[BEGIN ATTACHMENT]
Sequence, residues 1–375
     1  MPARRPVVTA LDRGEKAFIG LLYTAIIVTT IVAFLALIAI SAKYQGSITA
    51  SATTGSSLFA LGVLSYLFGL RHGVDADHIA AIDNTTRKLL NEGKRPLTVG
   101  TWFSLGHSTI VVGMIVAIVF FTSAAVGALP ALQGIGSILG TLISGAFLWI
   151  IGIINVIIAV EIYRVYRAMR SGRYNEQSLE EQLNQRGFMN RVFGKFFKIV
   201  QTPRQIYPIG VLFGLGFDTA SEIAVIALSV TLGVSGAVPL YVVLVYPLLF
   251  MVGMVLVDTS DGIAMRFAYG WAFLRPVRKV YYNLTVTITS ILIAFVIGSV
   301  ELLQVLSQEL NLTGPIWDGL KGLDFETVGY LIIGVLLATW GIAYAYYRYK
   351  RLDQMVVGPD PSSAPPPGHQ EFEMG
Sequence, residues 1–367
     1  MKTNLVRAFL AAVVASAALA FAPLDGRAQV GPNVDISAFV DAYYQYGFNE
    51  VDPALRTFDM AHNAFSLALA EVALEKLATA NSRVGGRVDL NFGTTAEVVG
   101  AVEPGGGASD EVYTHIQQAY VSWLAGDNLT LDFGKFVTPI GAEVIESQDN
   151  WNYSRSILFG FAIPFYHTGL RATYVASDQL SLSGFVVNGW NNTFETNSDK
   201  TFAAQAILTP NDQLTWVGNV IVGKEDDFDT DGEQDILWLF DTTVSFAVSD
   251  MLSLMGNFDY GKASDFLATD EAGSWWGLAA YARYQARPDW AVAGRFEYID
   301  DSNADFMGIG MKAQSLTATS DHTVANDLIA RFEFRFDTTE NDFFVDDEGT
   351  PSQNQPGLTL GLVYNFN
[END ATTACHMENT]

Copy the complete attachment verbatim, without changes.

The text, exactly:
Sequence, residues 1–375
     1  MPARRPVVTA LDRGEKAFIG LLYTAIIVTT IVAFLALIAI SAKYQGSITA
    51  SATTGSSLFA LGVLSYLFGL RHGVDADHIA AIDNTTRKLL NEGKRPLTVG
   101  TWFSLGHSTI VVGMIVAIVF FTSAAVGALP ALQGIGSILG TLISGAFLWI
   151  IGIINVIIAV EIYRVYRAMR SGRYNEQSLE EQLNQRGFMN RVFGKFFKIV
   201  QTPRQIYPIG VLFGLGFDTA SEIAVIALSV TLGVSGAVPL YVVLVYPLLF
   251  MVGMVLVDTS DGIAMRFAYG WAFLRPVRKV YYNLTVTITS ILIAFVIGSV
   301  ELLQVLSQEL NLTGPIWDGL KGLDFETVGY LIIGVLLATW GIAYAYYRYK
   351  RLDQMVVGPD PSSAPPPGHQ EFEMG
Sequence, residues 1–367
     1  MKTNLVRAFL AAVVASAALA FAPLDGRAQV GPNVDISAFV DAYYQYGFNE
    51  VDPALRTFDM AHNAFSLALA EVALEKLATA NSRVGGRVDL NFGTTAEVVG
   101  AVEPGGGASD EVYTHIQQAY VSWLAGDNLT LDFGKFVTPI GAEVIESQDN
   151  WNYSRSILFG FAIPFYHTGL RATYVASDQL SLSGFVVNGW NNTFETNSDK
   201  TFAAQAILTP NDQLTWVGNV IVGKEDDFDT DGEQDILWLF DTTVSFAVSD
   251  MLSLMGNFDY GKASDFLATD EAGSWWGLAA YARYQARPDW AVAGRFEYID
   301  DSNADFMGIG MKAQSLTATS DHTVANDLIA RFEFRFDTTE NDFFVDDEGT
   351  PSQNQPGLTL GLVYNFN